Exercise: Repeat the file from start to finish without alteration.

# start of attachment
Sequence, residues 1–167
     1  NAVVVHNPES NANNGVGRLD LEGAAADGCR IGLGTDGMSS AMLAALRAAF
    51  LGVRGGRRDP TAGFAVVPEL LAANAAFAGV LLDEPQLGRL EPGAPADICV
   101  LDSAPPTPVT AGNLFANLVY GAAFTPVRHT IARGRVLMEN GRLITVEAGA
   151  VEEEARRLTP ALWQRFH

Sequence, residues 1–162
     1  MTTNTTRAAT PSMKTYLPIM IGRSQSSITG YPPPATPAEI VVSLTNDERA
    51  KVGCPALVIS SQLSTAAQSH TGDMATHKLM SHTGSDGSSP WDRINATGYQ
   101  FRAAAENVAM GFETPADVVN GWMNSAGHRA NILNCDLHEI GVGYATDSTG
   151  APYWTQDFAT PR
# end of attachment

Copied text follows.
Sequence, residues 1–167
     1  NAVVVHNPES NANNGVGRLD LEGAAADGCR IGLGTDGMSS AMLAALRAAF
    51  LGVRGGRRDP TAGFAVVPEL LAANAAFAGV LLDEPQLGRL EPGAPADICV
   101  LDSAPPTPVT AGNLFANLVY GAAFTPVRHT IARGRVLMEN GRLITVEAGA
   151  VEEEARRLTP ALWQRFH

Sequence, residues 1–162
     1  MTTNTTRAAT PSMKTYLPIM IGRSQSSITG YPPPATPAEI VVSLTNDERA
    51  KVGCPALVIS SQLSTAAQSH TGDMATHKLM SHTGSDGSSP WDRINATGYQ
   101  FRAAAENVAM GFETPADVVN GWMNSAGHRA NILNCDLHEI GVGYATDSTG
   151  APYWTQDFAT PR